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Before starting this Raspberry and Lime Bavarois recipe, make sure you have organised all the necessary ingredients. For the Joconde biscuit: Crack 4 whole eggs into the stand mixer recipient.
Add the tant pour tant.
Mix until pale and fluffy. Add the sifted flour.
Combine gently with an Exoglass spoon.
In a separate bowl, beat the egg whites until stiff peaks are formed.
Add the melted butter and combine...
... followed by the beaten egg whites.
Spread the preparation...
...on a baking sheet lined with greaseproof paper, lightly greased.
Bake in a preheated oven at 180°C (gas 4) for approximately 10 minutes, until golden.
For the lime mousse: Pour the lime juice in a deep stainless steel mixing bowl. Add the neutral glaze powder and stir well with a whisk.
Add the zeste of one lime...
... and finally add the whipped cream, sweetened with 90g of castor sugar. Mix using a rubber spatula.
Place a tart ring (diameter 20cm) in the centre of a baking sheet lined with cling film. Fill the ring with the lime mixture.
Even the surface. Store in the freezer to set. Reserve the remaining lime mixture for later use.
For the biscuit edge: From each of the three Joconde Biscuit sheets, cut three rectangles. Use a rectangular ring (approximately 16 x 8cm) as a guide.
Place a rectangle of Joconde biscuit at the bottom of the ring.
Pour a thin layer of lime mousse over the biscuit.
Cover with a second rectangle of Joconde biscuit.
Add another layer of lime mousse.
Cover again with another rectangle of Joconde biscuit.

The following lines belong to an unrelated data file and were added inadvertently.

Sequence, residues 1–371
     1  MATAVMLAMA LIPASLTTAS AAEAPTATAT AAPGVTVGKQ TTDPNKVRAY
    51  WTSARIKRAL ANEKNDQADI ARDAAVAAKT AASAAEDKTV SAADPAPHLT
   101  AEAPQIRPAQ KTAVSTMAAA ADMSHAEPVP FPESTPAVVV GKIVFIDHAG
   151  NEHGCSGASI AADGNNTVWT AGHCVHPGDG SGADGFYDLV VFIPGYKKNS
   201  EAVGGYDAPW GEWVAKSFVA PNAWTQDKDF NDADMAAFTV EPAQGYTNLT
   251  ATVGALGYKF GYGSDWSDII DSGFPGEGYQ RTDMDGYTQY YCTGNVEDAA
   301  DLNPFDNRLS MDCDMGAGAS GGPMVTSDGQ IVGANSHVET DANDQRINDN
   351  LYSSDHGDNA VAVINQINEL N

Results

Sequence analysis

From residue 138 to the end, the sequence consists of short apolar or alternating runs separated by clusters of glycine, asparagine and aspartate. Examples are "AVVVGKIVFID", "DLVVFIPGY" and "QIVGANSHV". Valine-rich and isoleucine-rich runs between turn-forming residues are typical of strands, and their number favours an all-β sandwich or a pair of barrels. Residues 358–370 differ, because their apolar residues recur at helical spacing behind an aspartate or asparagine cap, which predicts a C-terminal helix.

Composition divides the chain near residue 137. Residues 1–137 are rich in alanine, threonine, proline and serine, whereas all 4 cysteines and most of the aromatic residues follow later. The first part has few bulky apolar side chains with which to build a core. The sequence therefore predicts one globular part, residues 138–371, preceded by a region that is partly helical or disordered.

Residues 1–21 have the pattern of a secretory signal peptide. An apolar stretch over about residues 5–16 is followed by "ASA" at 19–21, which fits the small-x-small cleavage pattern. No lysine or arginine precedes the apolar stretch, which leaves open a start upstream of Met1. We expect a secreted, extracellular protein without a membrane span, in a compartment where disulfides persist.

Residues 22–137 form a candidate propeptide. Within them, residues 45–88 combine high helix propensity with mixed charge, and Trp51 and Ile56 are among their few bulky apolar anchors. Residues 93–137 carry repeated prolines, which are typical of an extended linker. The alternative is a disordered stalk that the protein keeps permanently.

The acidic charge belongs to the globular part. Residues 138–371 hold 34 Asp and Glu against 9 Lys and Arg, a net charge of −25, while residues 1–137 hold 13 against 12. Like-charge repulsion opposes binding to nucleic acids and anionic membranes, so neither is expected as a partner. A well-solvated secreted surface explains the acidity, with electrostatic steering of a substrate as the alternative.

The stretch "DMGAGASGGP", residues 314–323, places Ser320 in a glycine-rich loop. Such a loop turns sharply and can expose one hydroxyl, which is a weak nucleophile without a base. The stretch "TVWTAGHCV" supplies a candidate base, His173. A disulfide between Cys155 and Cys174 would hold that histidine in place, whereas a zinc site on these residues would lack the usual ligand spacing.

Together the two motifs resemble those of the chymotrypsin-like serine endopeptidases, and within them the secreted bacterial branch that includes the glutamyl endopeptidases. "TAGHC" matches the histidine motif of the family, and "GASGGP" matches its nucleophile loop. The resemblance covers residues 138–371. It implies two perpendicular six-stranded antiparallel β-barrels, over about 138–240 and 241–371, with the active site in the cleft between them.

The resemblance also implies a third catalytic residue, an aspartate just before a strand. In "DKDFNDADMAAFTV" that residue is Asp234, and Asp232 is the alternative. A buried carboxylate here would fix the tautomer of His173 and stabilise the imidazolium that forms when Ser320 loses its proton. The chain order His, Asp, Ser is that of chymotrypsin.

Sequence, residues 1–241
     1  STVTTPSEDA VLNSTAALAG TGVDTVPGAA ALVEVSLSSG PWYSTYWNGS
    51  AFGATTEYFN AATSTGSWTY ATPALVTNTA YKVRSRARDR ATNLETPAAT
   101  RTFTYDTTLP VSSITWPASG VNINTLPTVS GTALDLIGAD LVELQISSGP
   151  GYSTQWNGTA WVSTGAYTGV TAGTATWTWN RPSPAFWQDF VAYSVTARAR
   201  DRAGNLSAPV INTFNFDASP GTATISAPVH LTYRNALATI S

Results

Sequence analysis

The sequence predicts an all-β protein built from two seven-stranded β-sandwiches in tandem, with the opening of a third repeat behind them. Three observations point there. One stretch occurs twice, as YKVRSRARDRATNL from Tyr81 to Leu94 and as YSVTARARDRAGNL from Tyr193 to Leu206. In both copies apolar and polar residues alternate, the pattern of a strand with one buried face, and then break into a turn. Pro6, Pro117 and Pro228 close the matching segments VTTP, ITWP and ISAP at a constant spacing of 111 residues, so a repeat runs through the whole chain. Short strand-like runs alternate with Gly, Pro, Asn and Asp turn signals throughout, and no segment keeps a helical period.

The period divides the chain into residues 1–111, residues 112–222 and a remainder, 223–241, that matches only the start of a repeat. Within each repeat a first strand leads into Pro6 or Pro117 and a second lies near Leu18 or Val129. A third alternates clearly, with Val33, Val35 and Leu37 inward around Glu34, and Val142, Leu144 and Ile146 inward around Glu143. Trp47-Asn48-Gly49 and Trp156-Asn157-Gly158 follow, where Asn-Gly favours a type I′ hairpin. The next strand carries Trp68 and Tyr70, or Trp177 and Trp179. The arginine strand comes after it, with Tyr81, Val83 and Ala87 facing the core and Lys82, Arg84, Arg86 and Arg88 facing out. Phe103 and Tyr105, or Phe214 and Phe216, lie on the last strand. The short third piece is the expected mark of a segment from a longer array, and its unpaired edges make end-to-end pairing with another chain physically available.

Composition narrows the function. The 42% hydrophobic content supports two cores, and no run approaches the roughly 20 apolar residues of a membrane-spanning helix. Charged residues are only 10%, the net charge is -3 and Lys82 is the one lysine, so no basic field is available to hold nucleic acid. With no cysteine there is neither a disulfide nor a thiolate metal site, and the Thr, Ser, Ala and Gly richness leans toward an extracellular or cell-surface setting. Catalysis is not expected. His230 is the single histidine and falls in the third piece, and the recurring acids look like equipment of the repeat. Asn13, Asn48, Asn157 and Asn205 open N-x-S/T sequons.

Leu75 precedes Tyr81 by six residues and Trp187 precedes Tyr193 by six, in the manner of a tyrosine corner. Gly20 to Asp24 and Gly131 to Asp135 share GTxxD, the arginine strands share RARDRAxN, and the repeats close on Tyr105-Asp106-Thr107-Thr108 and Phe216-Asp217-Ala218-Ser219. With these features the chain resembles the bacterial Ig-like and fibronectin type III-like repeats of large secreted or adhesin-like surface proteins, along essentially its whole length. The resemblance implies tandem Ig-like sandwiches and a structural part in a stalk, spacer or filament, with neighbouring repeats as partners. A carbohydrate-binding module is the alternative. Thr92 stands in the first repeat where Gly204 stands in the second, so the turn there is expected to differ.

Pour a final layer of lime mousse...
... ...and finish with a rectangle of Joconde biscuit. Press firmly so that you are left with a block that is compact, and without air bubbles. Reserve in the fridge to set.
Repeat the above steps using the remaining Joconde biscuit...
...this time, replacing the lime mousse with raspberry jam (with seeds).
Reserve in the fridge for at least 1 hour.
Remove the biscuit edges by passing a knife around the inside of the tart ring.
Cut in half lengthwise.
Cut each resulting strip (2 lime strips and 2 raspberry strips)...
... into 0.5cm slices. Reserve in the fridge until until you are ready to assemble the cake.
For the lime Dacquoise: Heat 125g of sugar together with 5cl of cold water, until the temperature reaches 118°C. For this step, the use of a digital thermometer is essential.
Whisk the egg yolks with an electric hand mixer. Pour the sugar syrup in a thin, steady stream to ensure it is completely incorporated with the egg yolks. Whisk the mixture at high speed until completely cold.
Add the zest of one lime. Combine.
In a separate bowl, beat the egg whites until stiff peaks form. Add the remaining sugar (65g) and whisk again. Add the almond powder to the egg yolks and sugar mixture, then finally the beaten egg whites.
On a sheet of greaseproof paper, trace a circle of Ø 20cm with a pencil. Place on a baking sheet. (Ensure the marked side is facing down.)
Transfer the preparation into a piping bag fitted with a wide, plain nozzle. Pipe a spiral on the greaseproof paper, with the same diameter as the circle marked in pencil.
Start the spiral on the outer edge of the circle, working inward until you reach the centre.
Using the same method, prepare a total of two Dacquoise biscuits.
Bake in a preheated oven at 180°C (gas 4) for 15 minutes. The biscuit should be golden!
For the raspberry mousse: In a saucepan, combine the raspberry purée and the castor sugar.
Add the whole raspberries.
Combine well. Heat the ingredients. It is not necessary to bring to a boil.